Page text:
4. What types of things will the veterinarian discuss with me during my first visit?
During a wellness exam, your veterinarian will start out by taking your pet's vital signs. He or she may also perform diagnostic tests such as blood work, urinalysis or intestinal parasite tests and vaccines may be administered (depending on your pet's life stage). Additionally, disease screenings (heartworm, kidney, liver, blood disorders, etc.) may be recommended, depending on the state of your pet's health.
5. Why is preventive care so important for my pet?
Preventive care is the most important factor in maintaining your pet's health. In addition to regular wellness exams, regular testing and other forms of early treatment can help your pet avoid many diseases and illnesses or catch these issues earlier.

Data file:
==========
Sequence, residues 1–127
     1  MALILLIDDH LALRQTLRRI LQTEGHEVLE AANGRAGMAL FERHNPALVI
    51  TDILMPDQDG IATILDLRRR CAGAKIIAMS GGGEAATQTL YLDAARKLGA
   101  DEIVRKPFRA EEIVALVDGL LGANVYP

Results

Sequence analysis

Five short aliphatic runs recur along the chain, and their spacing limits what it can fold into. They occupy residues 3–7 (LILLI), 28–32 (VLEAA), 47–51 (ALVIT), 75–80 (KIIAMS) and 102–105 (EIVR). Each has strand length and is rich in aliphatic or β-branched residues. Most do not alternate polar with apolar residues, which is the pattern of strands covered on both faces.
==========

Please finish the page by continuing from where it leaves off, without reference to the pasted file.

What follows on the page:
Fleas and ticks can be very damaging to the human-animal bond, particularly when flea invasion gets out of control or when ticks hitch a ride with your pet. There are many safe and effective flea and tick control products available, and a veterinary team will help you choose the correct preventive regimen based on your pet’s risk factors and health status. Once a year, it is important to discuss with your veterinarian which external pest control products are ideal for your household, based upon the everyday life of your pet.
Intestinal parasites such as hookworms and roundworms can also be a troublesome concern, especially for very young animals. A fecal analysis is crucial for all new puppies and kittens. If your pet does have a parasite problem, your veterinarian can provide you with different medications and treatments to remedy the problem and steer your pet back to good health. Preventive care and prescription heartworm medication are key because of the damages presented by intestinal parasites to both pets and people.